An M&A scramble among some old-school tech companies has caused quite the share-price flare-up in the date-storage biz, Cramer noted on Wednesday. But is there a way for investors to capitalize on it?
What’s happened is that industry stalwarts like Hewlett-Packard , Dell and IBM are stretching into the server and storage space because the corporate information-technology business has gotten cramped. They need to find new ways to compete for those corporate customers, and offering them a one-stop shop for all their IT needs is the answer.
Hence the outlandish bids by the first two for 3Par last month, before HPQ won with its $33 a share offer, a 242% premium to the stock’s price before the bidding began. And IBM just bought Netezza for $27 a share, valuing the company at an awesome—in the truest sense of the word: inspiring awe—177 times earnings.
Granted, the storage biz is where it’s at. Especially when you consider that the amount of data stored worldwide doubles every 18 months and is expected to jump 800% by 2015. So it makes sense that larger bellwether techs would want in. And it also speaks to the strength of the business on its own, and it makes a solid case for why you’d want to own a storage stock for its inherent strength, rather than just as a takeover play.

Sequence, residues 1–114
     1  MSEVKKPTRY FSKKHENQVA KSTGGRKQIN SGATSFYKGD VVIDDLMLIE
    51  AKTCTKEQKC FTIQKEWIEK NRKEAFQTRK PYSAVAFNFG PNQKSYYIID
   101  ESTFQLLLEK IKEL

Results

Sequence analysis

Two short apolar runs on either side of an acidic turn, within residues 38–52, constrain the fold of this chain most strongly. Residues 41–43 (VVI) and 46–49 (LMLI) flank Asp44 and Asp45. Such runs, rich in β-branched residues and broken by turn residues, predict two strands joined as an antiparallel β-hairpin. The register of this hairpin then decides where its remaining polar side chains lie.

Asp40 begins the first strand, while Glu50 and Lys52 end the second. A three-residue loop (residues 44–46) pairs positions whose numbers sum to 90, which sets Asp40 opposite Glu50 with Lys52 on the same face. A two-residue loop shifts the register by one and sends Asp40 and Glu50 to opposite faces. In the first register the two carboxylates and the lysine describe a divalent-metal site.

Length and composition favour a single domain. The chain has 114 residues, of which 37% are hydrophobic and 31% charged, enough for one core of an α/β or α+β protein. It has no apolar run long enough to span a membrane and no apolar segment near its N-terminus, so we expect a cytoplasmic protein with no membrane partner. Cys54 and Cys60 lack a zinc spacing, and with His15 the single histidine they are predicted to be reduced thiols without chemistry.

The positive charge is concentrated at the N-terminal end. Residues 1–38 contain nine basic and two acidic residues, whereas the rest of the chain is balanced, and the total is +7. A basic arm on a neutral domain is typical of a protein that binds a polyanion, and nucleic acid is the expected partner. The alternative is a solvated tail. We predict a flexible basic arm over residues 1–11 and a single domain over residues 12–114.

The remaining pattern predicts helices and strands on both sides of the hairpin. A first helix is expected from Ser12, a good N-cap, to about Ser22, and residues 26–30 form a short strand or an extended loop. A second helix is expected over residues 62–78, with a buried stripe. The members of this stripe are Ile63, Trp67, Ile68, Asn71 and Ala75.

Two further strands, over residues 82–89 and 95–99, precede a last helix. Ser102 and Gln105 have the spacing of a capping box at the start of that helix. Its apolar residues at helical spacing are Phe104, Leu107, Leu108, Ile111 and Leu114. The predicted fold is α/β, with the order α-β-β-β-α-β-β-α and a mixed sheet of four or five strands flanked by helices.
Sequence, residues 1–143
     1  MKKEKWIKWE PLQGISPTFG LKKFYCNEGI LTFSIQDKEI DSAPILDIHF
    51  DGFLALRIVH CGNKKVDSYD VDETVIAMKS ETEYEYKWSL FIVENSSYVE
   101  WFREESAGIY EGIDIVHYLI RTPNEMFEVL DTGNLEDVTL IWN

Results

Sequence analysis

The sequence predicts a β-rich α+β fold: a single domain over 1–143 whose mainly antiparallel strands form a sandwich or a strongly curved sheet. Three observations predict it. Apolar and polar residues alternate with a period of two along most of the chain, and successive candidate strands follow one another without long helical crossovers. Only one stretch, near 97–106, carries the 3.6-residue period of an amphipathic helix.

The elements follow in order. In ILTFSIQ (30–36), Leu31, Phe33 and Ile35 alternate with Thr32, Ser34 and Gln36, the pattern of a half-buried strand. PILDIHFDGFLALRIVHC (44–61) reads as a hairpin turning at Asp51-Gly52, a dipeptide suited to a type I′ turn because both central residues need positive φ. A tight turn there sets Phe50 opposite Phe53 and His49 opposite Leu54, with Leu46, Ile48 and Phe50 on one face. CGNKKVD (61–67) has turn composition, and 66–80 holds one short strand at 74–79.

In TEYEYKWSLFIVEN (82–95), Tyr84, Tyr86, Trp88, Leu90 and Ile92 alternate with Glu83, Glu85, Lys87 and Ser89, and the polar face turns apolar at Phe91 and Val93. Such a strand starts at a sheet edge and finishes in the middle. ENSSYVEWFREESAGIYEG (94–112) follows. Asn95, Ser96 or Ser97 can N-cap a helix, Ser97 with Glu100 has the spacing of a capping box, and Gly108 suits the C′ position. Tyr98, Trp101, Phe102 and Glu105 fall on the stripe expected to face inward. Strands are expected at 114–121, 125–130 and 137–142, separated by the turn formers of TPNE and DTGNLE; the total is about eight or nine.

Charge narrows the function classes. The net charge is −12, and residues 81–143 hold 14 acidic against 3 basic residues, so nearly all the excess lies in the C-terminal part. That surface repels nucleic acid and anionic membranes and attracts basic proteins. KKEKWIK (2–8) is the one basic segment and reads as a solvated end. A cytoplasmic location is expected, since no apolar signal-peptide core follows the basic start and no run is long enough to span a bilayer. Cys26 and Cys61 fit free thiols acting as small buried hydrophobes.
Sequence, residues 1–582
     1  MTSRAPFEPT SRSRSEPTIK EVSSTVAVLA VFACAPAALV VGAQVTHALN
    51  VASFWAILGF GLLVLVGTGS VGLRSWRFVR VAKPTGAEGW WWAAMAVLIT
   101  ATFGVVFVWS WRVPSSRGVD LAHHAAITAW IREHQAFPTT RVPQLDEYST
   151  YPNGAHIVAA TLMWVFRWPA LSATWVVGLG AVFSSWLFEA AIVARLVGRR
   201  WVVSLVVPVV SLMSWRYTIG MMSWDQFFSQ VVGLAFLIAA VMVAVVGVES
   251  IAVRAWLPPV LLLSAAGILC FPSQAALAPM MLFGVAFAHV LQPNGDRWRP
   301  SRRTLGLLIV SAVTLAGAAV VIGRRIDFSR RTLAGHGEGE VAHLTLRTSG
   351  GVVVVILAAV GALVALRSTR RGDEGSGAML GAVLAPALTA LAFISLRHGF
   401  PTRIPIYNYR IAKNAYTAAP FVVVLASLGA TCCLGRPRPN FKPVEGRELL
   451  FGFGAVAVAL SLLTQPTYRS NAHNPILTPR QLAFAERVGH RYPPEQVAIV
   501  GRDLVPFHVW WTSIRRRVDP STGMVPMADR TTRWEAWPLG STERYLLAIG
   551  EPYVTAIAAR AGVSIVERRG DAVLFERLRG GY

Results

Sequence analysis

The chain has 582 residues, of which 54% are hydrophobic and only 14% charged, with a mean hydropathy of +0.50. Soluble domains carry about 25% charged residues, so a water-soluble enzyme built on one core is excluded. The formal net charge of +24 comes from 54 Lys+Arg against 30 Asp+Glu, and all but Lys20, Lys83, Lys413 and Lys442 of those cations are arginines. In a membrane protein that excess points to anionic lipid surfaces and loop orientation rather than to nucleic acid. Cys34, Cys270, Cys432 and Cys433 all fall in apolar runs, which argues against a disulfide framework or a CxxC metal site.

And Cramer sees some winners in this category, too. Compellant, Isilon Systems, CommVault and Teradata are all noteworthy companies. The problem, though, is that their stocks have run too much. Everybody’s speculating on who will be the next takeover target, and as a result these four are trading at an average of over 46 times earnings.
You also have to ask yourself: Do you really want to bet on, as Cramer called them, “a bunch of seemingly desperate, stupid, old hardware companies” desperate to catch up with high-flying names like Salesforce.com and VMware ? Probably not.
“I think you’re gaming the ungameable here,” Cramer said. “If somebody at Hewlett-Packard or Dell comes to his senses or her senses, then this bizarre game of musical chairs is going to come to an end.”
So while the fundamentals of the data-storage business are sound, the stocks themselves look too hot to handle. Cramer’s best advice? Either wait for them to come down in price, or just pass on them entirely.
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